Oman Health: Osteoarthritis in the knee

Lifestyle Saturday 13/August/2016 19:20 PM
By: Times News Service
Oman Health: Osteoarthritis in the knee

Osteoarthritis (OA) in the knee is defined as a degeneration of joint cartilage and the underlying supporting structures in normal joints. A firm, rubbery material called cartilage covers the end of each bone. Cartilage provides a smooth, gliding surface for joint motion and acts as a cushion between the bones. In OA, the cartilage breaks down, causing pain, swelling, and problems moving the joint. In the body, an inflammatory process occurs and cytokines (proteins) and enzymes develop that further damage the cartilage. In the final stages of OA, the cartilage wears away and bone rubs against bone leading to joint damage and more pain. Although OA occurs in people of all ages, osteoarthritis is most common in people older than 65. Common risk factors include increasing age, obesity, and previous joint injury, overuse of the joint, weak thigh muscles (quadriceps), and genetic predisposition. Occupational habits are also known to be a risk factor, with the risk of knee OA significantly elevated in those whose job involves more than 30 minutes per day squatting, kneeling, or climbing stairs. Other pre disposing conditions are gout (increased uric acid level), rheumatoid arthritis, and Paget’s disease of the bone.

Prevalence of Osteoarthritis
It is one of the top five most disabling conditions that affects more than one-third of persons above 65 years of age. Global estimates reveal more than 100 million people are affected by OA. The financial expenditures for the care of persons with OA are estimated at a total annual national cost estimate of $15.5-$28.6 billion per year. The COPCORD studies conducted in India, Bangladesh, and Pakistan looked specifically into differences between rural and urban populations. In India the crude prevalence of clinically-diagnosed knee OA was higher in the urban (5.5%) than the rural community (3.3%).

Symptoms in OA knee:
• Pain
• Stiffness — more severe on waking up in the morning, and improves within 30 minutes when the individual starts moving about
• Swelling
• Deformity

• Physical examination
• Painful range of motion
• Muscle strength in the affected region
• Presence of any swelling or tenderness of the joint
• Gait (the way you walk) if OA is in the hip or knee
• Joint line tenderness
• Radiological examination
• X-rays are very helpful in diagnosing osteoarthritis because the affected joint will have a characteristic appearance, such as:
• Bones appearing closer to each other: As cartilage wears away, the joint space can narrow.
• Cysts: As the body responds to cartilage destruction and attempts to stabilise the joint, cysts or fluid-filled cavities can form in the bone.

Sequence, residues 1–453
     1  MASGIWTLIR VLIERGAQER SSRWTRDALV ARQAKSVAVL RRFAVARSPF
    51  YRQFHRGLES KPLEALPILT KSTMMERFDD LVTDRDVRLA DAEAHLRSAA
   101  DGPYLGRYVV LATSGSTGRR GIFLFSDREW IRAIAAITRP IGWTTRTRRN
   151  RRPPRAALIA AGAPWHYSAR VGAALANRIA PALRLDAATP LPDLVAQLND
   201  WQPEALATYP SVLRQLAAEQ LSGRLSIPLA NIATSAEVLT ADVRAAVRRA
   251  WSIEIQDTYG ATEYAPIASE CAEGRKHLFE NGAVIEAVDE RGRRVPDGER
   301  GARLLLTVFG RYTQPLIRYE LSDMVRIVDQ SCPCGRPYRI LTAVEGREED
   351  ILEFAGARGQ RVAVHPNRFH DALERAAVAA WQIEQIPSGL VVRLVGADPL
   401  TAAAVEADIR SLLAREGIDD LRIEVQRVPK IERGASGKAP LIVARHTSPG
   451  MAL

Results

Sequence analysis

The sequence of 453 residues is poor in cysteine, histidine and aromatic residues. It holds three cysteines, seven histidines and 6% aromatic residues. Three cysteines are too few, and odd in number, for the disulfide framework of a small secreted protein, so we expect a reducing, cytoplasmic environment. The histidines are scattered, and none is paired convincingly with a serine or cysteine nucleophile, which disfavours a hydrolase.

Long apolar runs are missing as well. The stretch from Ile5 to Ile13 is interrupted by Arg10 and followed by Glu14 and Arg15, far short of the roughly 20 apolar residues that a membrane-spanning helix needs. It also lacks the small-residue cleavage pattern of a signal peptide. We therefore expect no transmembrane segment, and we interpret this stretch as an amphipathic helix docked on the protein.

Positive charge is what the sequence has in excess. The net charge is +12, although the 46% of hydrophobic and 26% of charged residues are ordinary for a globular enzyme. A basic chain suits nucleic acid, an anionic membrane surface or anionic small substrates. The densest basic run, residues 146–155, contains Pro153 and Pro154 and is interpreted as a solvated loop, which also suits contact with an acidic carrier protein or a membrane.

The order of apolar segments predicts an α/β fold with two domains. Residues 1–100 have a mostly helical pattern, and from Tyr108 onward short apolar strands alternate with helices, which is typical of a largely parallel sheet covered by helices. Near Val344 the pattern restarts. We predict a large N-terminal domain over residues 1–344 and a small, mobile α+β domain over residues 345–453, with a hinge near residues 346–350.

Increased bone density or uneven joints: When bones are no longer cushioned by cartilage, they can rub against one another, creating friction. The body responds by laying down more bone in response, increasing bone density. Increased bone creates uneven joint surfaces and osteophytes (bone spurs) around the joint margins. MRI (magnetic resonance imaging) MRI can demonstrate reactive bone edema or soft tissue swelling as well as small cartilage or bone fragments in the joint. CT (computed tomography) examinations are excellent for demonstrating the degree of osteophyte (bone spur) formation and its relationship to the adjacent soft tissues. CT examinations are also useful in providing guidance for therapeutic and diagnostic procedures. Ultrasound is extremely sensitive for identifying synovial cysts that can form in association with osteoarthritis. Ultrasound can also be used to image articular cartilage in patients who cannot tolerate an MRI examination because of claustrophobia or pacemakers. Bone scans are very sensitive in detecting reactive bone turnover association with osteoarthritis. Bone scans can also image the entire skeleton in one examination and thus can provide the clinician with helpful information in patients in whom there may be multiple areas where OA is present.
Laboratory findings: Laboratory tests are helpful in the diagnosis of OA because they are usually normal. Routine tests such as complete blood counts, urinalysis, sedimentation rate (ESR), biochemistries, and specialised tests such as rheumatoid factor and antinuclear antibody (ANA) are useful simply to rule out other diseases that cause joint pain. However, it should be remembered that as we age, a low level positive test for rheumatoid arthritis (rheumatoid factor) or ANA, and elevations of sedimentation rate (ESR) can sometimes develop without the presence of the illness. Although these findings can sometimes be confusing to a patient, they need not be. The clinical picture makes the diagnosis; lab tests are used only to confirm the clinical picture. Laboratory tests should never be used alone to diagnose arthritis. Synovial fluid is the liquid that is normally found within the joints. It helps nourish and lubricate the joints. It is usually present in only very small amounts. However when arthritis is present, it changes in character and amount. Withdrawing the fluid can reduce swelling and pain. It can also help to confirm the diagnosis. When the synovial fluid is removed, it should be sent for culture, as well as be tested for cell count. In osteoarthritis, the white cell count (“pus cells”) is usually low and the fluid is clear (like water); higher counts should suggest inflammatory arthritis or infection. The fluid may also be examined for the presence of uric acid crystals (seen in gout) or calcium pyrophosphate crystals. The measurement of other biological markers is still experimental.
Treatment Modalities
Weight reduction is one of the first and unproblematic measures that can be taken to reduce knee OA. Studies of OA have constantly shown that overweight people have higher rates of knee OA than non-overweight control subjects. This is due to the fact that the force across the knees is 3-6 times the body weight; therefore, people who have more mass cause extreme forces on their knees, leading to the early onset or steady progression of knee OA condition. The most widely used remedy for knee OA is rehabilitation and physical therapy (PT). PT has proved to be useful in helping patients with pain and mobility. Fitness walking, aerobic exercise, and strength training have all been reported to result in functional improvement in patients with OA of the knee.